THE PENN-LEHMAN AUTOMATED TRADING PROJECT: 2002-03
Prof. Michael Kearns
NOTE: This is the archival site of the PLAT Project from the 2002-03 academic year.
The active site for the 2003-04 project can be found
The following draft is perhaps the best overall introduction to the PLAT project:
The Penn-Lehman Automated Trading Project is a broad investigation of algorithms and strategies for automated trading in financial markets and related environments. The project makes use of the Penn Exchange Simulator, a simulator for automated trading that uses real-world, real-time stock market data available over modern Electronic Crossing Networks (ECNs). There is more discussion of ECNs and the Penn Exchange Simulator below. It is likely that we will initially organize the project either as a friendly competition in automated trading, or as smaller teams investigating certain types of automated trading, or as some mixture of these two alternatives.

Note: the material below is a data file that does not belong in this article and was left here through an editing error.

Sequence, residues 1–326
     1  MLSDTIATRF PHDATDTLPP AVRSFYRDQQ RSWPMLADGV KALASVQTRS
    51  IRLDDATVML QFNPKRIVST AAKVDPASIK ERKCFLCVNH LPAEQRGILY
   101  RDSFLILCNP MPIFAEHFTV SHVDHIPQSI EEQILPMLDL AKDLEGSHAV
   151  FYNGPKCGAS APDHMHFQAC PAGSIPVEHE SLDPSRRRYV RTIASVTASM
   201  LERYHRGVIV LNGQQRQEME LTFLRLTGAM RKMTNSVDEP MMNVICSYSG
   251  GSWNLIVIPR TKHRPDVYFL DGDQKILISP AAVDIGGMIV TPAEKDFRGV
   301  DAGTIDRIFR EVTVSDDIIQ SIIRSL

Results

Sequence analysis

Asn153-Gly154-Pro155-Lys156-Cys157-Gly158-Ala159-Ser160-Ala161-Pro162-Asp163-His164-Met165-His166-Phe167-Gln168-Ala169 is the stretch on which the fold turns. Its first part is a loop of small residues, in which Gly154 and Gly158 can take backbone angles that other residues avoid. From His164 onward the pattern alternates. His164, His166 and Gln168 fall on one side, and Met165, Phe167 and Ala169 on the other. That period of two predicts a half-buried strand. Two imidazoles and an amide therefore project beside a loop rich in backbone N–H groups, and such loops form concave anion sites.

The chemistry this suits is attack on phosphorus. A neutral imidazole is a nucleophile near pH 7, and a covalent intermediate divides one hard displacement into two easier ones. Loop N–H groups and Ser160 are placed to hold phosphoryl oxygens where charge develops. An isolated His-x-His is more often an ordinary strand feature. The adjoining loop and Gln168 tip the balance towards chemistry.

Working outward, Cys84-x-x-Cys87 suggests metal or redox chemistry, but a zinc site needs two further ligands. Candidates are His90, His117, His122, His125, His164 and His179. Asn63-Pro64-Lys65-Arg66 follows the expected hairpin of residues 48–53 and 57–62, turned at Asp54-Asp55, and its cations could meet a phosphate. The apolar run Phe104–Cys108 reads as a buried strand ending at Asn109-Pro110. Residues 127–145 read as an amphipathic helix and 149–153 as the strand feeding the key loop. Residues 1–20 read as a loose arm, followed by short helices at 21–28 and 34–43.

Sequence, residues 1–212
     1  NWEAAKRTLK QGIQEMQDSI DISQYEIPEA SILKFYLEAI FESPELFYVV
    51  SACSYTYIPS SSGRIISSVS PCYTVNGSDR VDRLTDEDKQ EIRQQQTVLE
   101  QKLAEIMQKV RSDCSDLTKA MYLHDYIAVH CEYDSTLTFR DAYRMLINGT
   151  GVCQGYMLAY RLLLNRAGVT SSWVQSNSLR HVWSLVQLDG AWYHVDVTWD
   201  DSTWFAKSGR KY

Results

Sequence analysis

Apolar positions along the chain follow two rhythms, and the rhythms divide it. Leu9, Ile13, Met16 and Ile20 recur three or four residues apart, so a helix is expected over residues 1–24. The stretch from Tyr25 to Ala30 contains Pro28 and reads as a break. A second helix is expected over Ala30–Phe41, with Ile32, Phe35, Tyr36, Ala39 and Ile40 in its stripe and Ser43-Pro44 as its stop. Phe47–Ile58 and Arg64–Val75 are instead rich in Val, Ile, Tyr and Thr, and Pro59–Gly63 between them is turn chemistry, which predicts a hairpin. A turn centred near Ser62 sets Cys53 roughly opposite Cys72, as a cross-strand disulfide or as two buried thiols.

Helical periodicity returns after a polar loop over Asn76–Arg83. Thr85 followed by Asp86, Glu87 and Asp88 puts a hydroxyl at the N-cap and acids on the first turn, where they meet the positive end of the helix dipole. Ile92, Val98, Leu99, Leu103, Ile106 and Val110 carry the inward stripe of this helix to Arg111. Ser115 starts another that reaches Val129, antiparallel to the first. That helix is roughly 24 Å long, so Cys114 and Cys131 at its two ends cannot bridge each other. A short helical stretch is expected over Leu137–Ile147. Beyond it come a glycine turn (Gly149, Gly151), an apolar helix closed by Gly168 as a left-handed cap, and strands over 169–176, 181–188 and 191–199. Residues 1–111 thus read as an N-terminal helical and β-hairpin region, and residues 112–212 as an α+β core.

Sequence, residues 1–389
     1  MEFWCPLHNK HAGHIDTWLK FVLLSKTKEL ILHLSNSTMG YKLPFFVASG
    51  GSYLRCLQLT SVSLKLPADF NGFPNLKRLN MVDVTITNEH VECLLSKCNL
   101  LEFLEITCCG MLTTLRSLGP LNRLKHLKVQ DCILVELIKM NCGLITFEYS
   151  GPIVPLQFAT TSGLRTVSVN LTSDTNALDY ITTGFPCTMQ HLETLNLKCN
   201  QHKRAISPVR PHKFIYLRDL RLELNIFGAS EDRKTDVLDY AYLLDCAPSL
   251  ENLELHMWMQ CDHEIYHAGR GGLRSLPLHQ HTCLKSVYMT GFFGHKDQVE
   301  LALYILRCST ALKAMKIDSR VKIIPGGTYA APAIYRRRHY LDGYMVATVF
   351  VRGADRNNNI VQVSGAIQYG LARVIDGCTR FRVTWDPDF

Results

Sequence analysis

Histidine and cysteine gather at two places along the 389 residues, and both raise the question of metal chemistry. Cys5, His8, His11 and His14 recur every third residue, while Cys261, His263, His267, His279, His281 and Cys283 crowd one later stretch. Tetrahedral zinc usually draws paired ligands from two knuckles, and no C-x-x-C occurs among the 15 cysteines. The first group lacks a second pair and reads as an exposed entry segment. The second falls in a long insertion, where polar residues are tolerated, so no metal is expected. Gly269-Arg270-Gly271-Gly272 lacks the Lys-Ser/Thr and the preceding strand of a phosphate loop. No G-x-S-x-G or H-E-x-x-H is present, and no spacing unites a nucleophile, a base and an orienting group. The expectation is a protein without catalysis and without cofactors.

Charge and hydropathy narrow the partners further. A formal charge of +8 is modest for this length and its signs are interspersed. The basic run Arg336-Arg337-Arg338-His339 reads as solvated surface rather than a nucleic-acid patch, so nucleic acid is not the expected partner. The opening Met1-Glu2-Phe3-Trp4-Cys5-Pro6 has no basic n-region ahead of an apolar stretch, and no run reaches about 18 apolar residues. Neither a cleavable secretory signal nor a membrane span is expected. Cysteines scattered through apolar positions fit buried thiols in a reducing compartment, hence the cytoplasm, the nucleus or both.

The Penn-Lehman Automated Trading Project receives generous financial and professional support from the Quantitative Trading group of Lehman Brothers in New York City.
Eventually, the project will probably expand to the investigation of other kinds of markets and trading, some of which are also discussed below.
Here is a PowerPoint overview of the project that I recently presented at MIT.
Organization of this site:
There will be links to other project material and pages sprinkled throughout.
The primary personnel for the project are: